Some people are good in a crisis. They do their best work then. I’m not one of those people. I actually spend a lot of time avoiding crises. But ten days ago my crisis avoidance planning failed and work on my blog came to a screeching halt. You may have noticed that there was no blog post last week and that this one is late.
I’m in the middle of publishing a book. It’s my first book, so a lot of what is going on is new to me. I’ve delegated the actual publication tasks to an experienced publishing project manager and her team. All I have to do is make choices, review results and sign off on everything. Before hiring the publishing team I made sure there was a well-thought-out plan that showed when I had work to do and when I didn’t. During my down weeks I could devote all of my attention to marketing.
Part of my marketing activity is establishing this blog which will appeal to my target audience, people interested in the problem of getting more women into the STEM (Science, Technology, Engineering and Math) fields. I am also working to become visible to other people and organizations involved in this work. Neither of these activities is a short term effort. Especially since I am starting from almost zero and have very little experience in marketing. But I was making progress; more so on establishing a blog.
Then last month, during the times I wasn’t working on book publishing tasks, I made two decisions which should eventually help my marketing efforts but in the short run added more work. The first decision was to expand my social media platform to include LinkedIn. The second was to enter into an online conversation about the history of women in computers. Entering into this discussion led to another direction change as I found needed to use my blog as part of that conversation.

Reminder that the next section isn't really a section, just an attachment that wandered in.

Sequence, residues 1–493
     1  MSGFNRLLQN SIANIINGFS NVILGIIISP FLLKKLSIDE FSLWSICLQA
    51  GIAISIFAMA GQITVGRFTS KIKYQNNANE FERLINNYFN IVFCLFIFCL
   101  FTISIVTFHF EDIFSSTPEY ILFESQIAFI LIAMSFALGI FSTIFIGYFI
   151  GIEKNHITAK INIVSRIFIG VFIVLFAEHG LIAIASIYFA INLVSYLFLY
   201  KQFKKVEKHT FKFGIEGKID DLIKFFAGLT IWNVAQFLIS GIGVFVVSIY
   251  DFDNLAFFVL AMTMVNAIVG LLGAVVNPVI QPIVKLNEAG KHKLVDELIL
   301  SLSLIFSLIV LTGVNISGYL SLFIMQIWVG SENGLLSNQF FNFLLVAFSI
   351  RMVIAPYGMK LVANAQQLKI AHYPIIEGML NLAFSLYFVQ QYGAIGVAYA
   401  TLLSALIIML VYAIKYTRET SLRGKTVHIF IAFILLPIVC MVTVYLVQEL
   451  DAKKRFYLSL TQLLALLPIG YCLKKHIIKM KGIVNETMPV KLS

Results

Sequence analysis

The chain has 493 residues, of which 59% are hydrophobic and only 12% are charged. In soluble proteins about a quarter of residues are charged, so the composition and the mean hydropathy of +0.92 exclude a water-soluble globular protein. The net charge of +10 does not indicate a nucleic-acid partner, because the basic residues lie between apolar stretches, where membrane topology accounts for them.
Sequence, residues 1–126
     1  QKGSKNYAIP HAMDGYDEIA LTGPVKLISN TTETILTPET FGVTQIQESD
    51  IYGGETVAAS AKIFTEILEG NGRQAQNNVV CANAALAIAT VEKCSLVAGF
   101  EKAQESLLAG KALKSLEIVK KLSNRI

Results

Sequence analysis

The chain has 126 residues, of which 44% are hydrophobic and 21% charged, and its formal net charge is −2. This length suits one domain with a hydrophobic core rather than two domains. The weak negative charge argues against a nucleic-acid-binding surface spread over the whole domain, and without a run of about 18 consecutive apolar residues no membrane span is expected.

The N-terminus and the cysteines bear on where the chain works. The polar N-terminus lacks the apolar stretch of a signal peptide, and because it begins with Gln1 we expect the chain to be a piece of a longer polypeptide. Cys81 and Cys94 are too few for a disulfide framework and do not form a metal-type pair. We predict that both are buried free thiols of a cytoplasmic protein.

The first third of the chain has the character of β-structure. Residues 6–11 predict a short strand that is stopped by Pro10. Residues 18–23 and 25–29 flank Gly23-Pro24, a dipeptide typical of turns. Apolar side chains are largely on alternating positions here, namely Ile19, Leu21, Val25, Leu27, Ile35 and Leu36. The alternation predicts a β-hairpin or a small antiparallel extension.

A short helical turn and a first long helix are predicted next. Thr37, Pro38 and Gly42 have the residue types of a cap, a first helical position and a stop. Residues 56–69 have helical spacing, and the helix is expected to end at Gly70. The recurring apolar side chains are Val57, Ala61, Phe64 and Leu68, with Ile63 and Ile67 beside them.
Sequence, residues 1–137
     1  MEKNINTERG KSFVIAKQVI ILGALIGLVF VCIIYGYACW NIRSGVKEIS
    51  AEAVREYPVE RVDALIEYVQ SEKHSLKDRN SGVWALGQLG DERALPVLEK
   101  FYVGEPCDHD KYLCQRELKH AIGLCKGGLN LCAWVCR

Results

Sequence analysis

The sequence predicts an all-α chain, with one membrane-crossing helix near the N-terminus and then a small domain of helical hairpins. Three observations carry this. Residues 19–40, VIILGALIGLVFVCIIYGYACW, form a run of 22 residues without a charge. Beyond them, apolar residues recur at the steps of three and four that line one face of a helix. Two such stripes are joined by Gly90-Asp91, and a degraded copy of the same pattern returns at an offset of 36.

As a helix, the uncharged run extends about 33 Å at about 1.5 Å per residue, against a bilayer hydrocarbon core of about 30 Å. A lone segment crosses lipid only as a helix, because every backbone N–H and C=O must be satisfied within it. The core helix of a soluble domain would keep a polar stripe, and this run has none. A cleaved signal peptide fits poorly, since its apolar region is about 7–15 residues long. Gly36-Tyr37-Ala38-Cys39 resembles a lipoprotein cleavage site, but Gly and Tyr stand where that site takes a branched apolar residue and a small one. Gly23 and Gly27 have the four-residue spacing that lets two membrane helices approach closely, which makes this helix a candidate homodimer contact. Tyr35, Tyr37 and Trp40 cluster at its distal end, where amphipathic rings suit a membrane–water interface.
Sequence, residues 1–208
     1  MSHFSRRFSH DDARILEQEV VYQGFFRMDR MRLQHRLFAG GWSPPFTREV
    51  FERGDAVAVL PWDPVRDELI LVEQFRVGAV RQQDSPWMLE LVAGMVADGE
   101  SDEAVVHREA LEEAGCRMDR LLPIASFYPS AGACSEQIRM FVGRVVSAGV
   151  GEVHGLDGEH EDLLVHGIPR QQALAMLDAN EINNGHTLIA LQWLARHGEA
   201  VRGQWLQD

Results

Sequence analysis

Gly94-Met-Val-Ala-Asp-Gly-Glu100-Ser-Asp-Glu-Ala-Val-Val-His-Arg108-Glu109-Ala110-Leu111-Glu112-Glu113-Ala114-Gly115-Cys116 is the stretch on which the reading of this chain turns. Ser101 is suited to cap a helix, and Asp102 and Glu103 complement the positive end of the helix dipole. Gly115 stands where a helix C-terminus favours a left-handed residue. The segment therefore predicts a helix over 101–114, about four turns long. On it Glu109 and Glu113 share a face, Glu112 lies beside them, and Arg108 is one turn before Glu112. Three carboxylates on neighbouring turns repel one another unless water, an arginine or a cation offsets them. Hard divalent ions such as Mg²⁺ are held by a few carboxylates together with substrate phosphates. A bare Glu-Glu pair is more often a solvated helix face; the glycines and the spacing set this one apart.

My first attempts in these two areas didn’t go as planned. It’s not that they didn’t work per se. It was just that they worked in a totally unexpected way. So I had to figure out new next steps. More work to do.
Then my book reappeared in the form of my first print proof.
It should have been a moment of great excitement but I was swamped with too much to do and I couldn’t fully appreciate the moment. At first I tried to work the crisis. Just plug ahead and you can fix things later. Except I couldn’t do that with the book, there is no “later” when you are looking at a print proof. So that work had to be done well.
I could pull back a little from LinkedIn but I had to be careful to not lose all of my momentum. And I tried to continue to write blog posts that supported my online conversation. But I couldn’t. It turned out that there were gaps in my knowledge. Since my reason for entering into the online conversation was to fill in gaps in other people’s knowledge, I had to have my facts in place. And I had no time to do the needed research. Missing one week of blogging is marginally acceptable during a crisis. Missing two weeks is not.
So you are getting a different type of blog post this week. I had made a firm decision not to write about the problems of publishing a book. There are plenty of blogs that do that. But it’s a topic I can write coherently about. Next week I will be back to book reviews and my online conversation will just have to wait until the book is published and I have time to do some serious research.
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